After lunch I suggest you take the "Fruit Loop Tour" (yes, that is what they call it!) of the pear, peach, and cherry orchards that dot the landscape on this northern flank of Mount Hood. The area also boasts many wineries. My favorite: Clear Creek Distilleries, which produces a pear brandy that has a real pear inside the bottle. Be sure to find out how they do it.
The Mountains: Timberline Lodge
Government Camp, Oregon
One of Oregon's best known landmarks sprawls across the flank of Mount Hood: Timberline Lodge, a massive rock-and-timber edifice built as a WPA project in the 1930s and dedicated by Franklin Roosevelt himself. Now a National Historic Landmark, the lodge welcomes overnight visitors and the dining room is one of the finest in the state. In my early years of skiing here, we actually tromped through the lodge to get hot chocolate and lift tickets; later a day lodge was built, substantially reducing the wear and tear on one of our most beloved attractions.
The lodge makes an especially nice destination for road-trippers from Portland, for the change in scenery is remarkable. As you ascend from near sea level up to the lodge, you pass through forests, cross over tumbling rivers and creeks, and traverse the "tree line" above which no trees grow. Here, at nearly 6,000 feet, one can see most
The lodge itself surrounds a six-sided fireplace that extends more than three stories through the center of the structure. It's a great place to take a road break in either summer or winter (2 million visitors do every year), and there's skiing year-round. Where else but Oregon can you snow ski in the morning, water ski in the afternoon, and watch the sun set over the ocean - all in the same day?
The Desert: Ka-nee-ta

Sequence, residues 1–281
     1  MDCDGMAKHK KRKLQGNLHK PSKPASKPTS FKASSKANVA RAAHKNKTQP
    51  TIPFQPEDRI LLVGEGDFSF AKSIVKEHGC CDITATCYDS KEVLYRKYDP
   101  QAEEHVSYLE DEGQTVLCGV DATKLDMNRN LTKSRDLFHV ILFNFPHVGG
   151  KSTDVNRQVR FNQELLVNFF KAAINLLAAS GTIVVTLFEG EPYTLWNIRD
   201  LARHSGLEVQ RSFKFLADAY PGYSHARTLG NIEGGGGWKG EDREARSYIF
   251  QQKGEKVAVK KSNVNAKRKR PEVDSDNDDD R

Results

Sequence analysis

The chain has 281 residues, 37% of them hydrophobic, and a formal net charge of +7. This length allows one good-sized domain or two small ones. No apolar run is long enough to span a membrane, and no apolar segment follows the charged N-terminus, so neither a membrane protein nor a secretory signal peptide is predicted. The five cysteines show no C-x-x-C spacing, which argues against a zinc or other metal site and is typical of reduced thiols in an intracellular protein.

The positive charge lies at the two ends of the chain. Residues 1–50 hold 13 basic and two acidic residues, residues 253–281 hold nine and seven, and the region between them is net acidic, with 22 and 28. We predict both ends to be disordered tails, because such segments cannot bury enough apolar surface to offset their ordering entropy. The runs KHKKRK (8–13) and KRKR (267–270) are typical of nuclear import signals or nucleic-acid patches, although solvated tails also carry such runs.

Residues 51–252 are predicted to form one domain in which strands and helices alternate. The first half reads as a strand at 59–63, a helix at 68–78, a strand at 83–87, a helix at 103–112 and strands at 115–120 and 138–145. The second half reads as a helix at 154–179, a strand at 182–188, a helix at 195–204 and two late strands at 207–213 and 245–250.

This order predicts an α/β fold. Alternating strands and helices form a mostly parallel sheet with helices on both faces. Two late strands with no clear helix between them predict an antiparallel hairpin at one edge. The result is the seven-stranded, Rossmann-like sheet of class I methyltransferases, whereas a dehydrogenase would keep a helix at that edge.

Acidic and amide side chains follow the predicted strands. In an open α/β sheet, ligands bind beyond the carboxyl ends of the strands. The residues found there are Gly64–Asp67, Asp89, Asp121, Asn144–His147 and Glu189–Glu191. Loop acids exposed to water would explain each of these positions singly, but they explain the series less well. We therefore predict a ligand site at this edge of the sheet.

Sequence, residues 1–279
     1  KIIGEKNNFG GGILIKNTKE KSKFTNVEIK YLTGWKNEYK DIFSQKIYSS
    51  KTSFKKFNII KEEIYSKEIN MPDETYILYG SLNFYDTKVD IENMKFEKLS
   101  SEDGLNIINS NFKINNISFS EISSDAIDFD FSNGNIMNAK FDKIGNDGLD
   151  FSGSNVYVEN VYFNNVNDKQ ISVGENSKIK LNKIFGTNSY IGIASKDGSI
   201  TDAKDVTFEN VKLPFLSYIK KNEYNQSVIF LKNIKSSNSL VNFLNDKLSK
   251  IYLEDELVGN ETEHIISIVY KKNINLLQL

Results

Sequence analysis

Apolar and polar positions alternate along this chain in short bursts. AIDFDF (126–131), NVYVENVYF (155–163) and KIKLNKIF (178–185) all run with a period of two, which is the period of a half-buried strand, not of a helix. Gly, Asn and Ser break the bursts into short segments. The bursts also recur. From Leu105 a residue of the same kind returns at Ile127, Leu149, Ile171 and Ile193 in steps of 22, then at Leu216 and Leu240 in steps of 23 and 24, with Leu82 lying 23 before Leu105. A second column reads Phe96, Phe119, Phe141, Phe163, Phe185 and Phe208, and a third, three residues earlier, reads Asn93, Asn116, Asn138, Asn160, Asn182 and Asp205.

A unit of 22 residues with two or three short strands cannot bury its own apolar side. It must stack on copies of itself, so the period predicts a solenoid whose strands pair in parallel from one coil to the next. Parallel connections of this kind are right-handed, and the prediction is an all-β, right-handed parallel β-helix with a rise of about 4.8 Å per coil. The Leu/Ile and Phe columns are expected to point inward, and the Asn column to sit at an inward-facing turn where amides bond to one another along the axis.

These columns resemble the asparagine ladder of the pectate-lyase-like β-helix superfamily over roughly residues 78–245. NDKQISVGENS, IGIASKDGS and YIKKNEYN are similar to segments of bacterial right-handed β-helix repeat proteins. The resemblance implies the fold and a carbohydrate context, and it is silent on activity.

Warm Springs, Oregon
Sitting squarely in the middle of the Warm Springs Indian Reservation, at the edge of the Deschutes River, the Ka-Nee-Ta Resort gives visitors many opportunities to explore Oregon's rich American Indian culture. You can visit the Museum at Warm Springs, kayak on the Warm Springs River, attend a native salmon bake, sample traditional dishes like bird-in-clay and fry bread at the restaurant, swim in the hot springs pool, ride horses through the reservation, raft on the river - even camp overnight in a real teepee.
If these more traditional activities don't entice you, then maybe the championship 18-hole golf course, the spa or the casino will draw you to this high-desert location. Almost any day will do: The resort enjoys more than 300 days of sunshine a year.
Nestled at the southern end of the Willamette
Valley is the city of Eugene,
a college town and the biking capital of Oregon. The sportswear
giant Nike was born on the University of Oregon track, and
a visit to the university's Hayward Field will reward you
with a large bronze statue of Bill Bowerman, Nike's co-founder.
Perhaps he will inspire you to hop on a bike and ride along
miles of trails crossing the Willamette River on the five
bridges set aside exclusively for bikes and pedestrians. Eugene
is so bicycle-crazy that many motels along the bike routes
make bikes available for guest use.
Eugene is bounded on the north by Skinner's Butte and on the south by Spencer's Butte; both are nice spots for picnicking, walking or exploring if you have time. Before heading back up the valley, head to the Oregon Electric Station for a bite to eat in an antique rail car. On your way back to Portland, take time to gaze upon the fields flanking Interstate 5. Flooded regularly over the centuries, the Willamette Valley is Oregon's richest agricultural area, supporting crops ranging from grass seed to nursery stock. It is one of the greatest pleasures of day-tripping in Oregon that such bounty can be found at every turn of the road.